AHSP Preparations Checklist

Revised August 11 2019

Here is a list of items which you should consider in getting ready for your AHSP weekend. Of course, not all of these apply to everyone.

Remember the importance of being familiar with your equipment before heading to AHSP. At a minimum, set it up and operate it in a familiar location, and practice putting it and yourself through its paces. Learn the buttons, knobs, and controls. Set adjustments to be comfortable. See how to attach wires so they don’t bind or become tripping or entanglement hazards. The better you understand your equipment, the more enjoyable your experience at the star party, where it will be darker and you may be more tired than at previous outings.

The need for a pre-check applies also to camping equipment, most of all to tents. For those pitching tents or shade canopies, bear in mind that wind on the open, ridgetop field can at times be quite strong, and prepare accordingly. Pitch your tent at home if you haven’t done so recently. Note especially any instructions on pole assembly and on fully attaching the inside of the rainfly to the tent frame. Check whether any poles are missing or broken, and that there is a guyline attached to each of the tent’s guyout loops. Check that you have enough stakes to secure all of the guylines as well as all the stake loops on the edge of the tent floor, Do not rely on the set of “fair-weather” stakes that came with your tent—these are usually too few, and too flimsy, and inadequate for strong wind gusts.

  • tripod
  • power supply, batteries, charger
  • eyepieces, filters
  • dew shield; lenscaps
  • dew heaters
  • solar filter
  • telescope rain/wind/sun cover; guy lines & stakes
  • zero-power (LED spot) finder & batttery; finder scope; guide scope
  • assembly, adjustment, alignment tools
  • observing chair, stool, ladder
  • accessory table
  • dewproof containers
  • control computer
  • software, cables
  • computer screen light shield
  • star charts, observing list
  • guide books; instruction manuals
  • observing plan; observing logbook
  • cleaning materials (outside surfaces, optics: blower, lens brush)
  • ground cover
  • red flashlights, batteries
  • NO laser pointer (not permitted!)
  • spares for your setup
  • duck tape, tie wraps, velcro wraps, bungee cords
  • cases, wheeled carrier
  • watch or clock for obseving use
  • luminous or LED markers on tripod legs and things you must find or not hit in the dark
  • wide, dark tape to mask bright indicator lights and car lights that cannot be switched/programmed “off”
  • batteries, charger
  • memory card
  • remote release, intervalometer, computer control interface
  • lenses
  • telescope adapters
  • filters, holders
  • tripod, piggyback bracket
  • dewshield, lens warmer
  • non-electronic film camera (for Greenbank)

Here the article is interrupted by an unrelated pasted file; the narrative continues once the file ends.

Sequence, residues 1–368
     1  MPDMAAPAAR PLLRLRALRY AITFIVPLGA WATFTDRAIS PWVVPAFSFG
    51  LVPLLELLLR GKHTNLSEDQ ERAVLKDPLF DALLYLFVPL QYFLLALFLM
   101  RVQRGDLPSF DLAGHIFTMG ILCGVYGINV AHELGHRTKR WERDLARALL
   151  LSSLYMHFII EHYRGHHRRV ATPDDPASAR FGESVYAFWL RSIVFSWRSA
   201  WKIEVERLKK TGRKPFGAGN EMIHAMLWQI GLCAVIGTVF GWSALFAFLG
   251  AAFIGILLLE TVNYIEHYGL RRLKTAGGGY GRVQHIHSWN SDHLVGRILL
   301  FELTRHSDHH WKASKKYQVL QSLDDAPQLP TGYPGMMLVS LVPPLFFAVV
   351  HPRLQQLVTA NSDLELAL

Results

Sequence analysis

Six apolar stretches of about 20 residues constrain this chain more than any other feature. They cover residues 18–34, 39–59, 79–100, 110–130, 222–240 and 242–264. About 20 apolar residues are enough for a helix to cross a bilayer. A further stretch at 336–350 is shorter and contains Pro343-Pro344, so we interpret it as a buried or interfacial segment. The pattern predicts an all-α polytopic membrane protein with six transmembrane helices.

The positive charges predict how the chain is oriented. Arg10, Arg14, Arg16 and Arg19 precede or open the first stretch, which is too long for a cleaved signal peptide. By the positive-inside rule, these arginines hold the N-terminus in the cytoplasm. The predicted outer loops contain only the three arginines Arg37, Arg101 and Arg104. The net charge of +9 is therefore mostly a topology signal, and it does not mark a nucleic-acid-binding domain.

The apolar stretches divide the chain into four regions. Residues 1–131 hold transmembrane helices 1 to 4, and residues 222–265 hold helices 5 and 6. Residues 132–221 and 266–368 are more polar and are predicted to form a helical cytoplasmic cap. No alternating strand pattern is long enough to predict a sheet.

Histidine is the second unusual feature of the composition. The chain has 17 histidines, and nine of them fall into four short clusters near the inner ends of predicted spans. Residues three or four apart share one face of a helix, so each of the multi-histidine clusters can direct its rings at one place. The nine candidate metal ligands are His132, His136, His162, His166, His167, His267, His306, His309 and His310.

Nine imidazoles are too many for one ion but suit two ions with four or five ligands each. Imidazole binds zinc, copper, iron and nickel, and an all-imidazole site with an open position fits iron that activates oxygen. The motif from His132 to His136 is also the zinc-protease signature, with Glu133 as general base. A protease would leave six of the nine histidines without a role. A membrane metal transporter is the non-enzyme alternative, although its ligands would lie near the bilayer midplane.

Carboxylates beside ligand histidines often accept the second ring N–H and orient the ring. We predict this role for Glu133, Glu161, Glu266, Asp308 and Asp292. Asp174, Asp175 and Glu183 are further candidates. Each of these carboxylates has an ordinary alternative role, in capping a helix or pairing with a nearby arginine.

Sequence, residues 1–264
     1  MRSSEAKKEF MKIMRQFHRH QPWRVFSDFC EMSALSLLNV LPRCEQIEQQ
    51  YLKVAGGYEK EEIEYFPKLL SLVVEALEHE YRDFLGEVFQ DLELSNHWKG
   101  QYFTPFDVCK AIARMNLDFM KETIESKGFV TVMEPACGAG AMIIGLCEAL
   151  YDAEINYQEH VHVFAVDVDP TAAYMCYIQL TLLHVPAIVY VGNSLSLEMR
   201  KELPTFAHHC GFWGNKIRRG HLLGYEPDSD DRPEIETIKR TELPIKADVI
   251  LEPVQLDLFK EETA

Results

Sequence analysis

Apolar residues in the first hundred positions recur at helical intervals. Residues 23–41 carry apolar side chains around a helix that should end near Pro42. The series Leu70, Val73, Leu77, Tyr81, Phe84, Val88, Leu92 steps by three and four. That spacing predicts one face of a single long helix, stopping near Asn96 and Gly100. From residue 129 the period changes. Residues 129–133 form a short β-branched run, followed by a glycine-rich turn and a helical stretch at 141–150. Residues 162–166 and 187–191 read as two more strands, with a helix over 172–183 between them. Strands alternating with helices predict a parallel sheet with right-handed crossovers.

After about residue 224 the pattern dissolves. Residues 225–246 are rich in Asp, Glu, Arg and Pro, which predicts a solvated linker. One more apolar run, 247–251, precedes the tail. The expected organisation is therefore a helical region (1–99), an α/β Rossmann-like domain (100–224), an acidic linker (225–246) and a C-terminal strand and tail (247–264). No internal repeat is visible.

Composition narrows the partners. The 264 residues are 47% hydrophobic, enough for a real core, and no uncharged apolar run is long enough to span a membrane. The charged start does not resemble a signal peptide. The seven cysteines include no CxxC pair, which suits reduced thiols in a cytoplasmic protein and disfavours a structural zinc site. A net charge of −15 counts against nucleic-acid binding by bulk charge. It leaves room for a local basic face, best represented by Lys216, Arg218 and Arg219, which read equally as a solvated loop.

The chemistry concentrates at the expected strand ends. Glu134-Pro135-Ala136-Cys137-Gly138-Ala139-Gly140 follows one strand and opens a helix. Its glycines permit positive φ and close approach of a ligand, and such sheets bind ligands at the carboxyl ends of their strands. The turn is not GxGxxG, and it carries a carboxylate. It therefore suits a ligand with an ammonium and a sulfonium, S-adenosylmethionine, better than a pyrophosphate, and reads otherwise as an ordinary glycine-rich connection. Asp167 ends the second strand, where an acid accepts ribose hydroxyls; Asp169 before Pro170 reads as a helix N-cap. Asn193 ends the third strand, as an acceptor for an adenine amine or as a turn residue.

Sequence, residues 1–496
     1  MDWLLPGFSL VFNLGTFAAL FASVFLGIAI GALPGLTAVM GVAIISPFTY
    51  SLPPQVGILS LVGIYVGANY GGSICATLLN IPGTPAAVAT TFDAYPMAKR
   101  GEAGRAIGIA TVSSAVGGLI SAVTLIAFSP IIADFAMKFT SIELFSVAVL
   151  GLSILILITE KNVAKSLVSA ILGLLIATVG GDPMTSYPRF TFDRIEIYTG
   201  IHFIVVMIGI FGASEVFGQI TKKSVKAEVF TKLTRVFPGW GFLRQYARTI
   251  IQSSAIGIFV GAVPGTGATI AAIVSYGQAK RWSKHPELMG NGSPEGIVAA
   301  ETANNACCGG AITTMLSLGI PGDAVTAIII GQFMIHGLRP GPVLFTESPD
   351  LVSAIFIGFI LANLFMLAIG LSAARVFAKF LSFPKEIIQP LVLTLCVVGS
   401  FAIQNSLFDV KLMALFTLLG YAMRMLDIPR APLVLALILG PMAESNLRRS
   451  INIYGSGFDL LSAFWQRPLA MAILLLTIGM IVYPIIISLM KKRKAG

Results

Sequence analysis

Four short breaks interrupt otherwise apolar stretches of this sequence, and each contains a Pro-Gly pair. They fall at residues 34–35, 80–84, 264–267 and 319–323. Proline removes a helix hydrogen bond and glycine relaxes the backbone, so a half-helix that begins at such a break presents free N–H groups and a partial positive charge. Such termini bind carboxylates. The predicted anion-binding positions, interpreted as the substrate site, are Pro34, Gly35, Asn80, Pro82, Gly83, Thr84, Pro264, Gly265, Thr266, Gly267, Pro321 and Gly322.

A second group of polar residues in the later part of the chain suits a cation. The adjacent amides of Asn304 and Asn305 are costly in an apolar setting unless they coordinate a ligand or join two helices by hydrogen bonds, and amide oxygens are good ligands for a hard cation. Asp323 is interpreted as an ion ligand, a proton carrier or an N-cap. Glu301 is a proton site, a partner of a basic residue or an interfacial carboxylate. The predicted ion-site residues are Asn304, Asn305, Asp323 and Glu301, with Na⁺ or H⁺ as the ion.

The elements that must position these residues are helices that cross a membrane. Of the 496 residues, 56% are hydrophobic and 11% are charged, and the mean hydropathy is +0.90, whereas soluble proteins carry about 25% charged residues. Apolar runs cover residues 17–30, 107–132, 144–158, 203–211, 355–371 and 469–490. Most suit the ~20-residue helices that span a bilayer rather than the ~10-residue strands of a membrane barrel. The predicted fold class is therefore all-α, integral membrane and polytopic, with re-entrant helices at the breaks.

•  

 

  • tent,  tent rainfly, complete set of poles, ground stakes, and guylines for all guyout points. Guyline tensioner adjusters are also very handy.
    • to cope with winds:  buy additional, and stronger-holding, ground stakes. Tents typically come with short (6” or 7”) narrow metal pins that may pull out in windy conditions.  Consider the widely-available 10” steel stakes that have a poundable top surface and a plastic gizmo just underneath.  9″ plastic or metal stakes with a thick, channelized cross-section are another option.  Remember to bring stakes for all guylines. Hammer or rubber mallet for driving ground stakes; stakes that will not be pulled out by strong winds cannot be inserted without a hammer!
  • tent pole repair kit.  REI sells a kit for aluminum poles and another for fiberglass poles—the types are not interchangeable 
  • luminous or LED markers on guy lines & pegs
  • reflective & opaque tarp to cover your tent during daytime
  • tent “footprint,” or extra ground cover sheet, to protect the tent’s floor—though the grassy field  is not hard on tents.  If using a tarp for this, cut it slightly smaller than the bottom of your tent.
  • sleeping bag, bed, pad
  • red-filtered lamp illumination
  • bulk water containers; travel cup
  • cooler & ice
  • food for meals, observing snacks
  • drinks other than water
  • dishware
  • camp stove (enclosed only, no open fires)
  • trash bags (take your trash when you leave)
  • generator (quiet only, limited use)

 

  • hat; sunscreen
  • sturdy shoes; extra shoes
  • hiking or walking stick
  • clothing layers for the range 85F-40F
  • rain gear — umbrella, slicker w/hood
  • backpack
  • FRS radio
  • personal first aid kit
  • medicines – prescription and OTC
  • towels, shower shoes
  • toiletries
  • NO pets (really sorry about this, but strictly enforced)
  • directions to SKMC
  • cellphone (likely not operative at SKMC)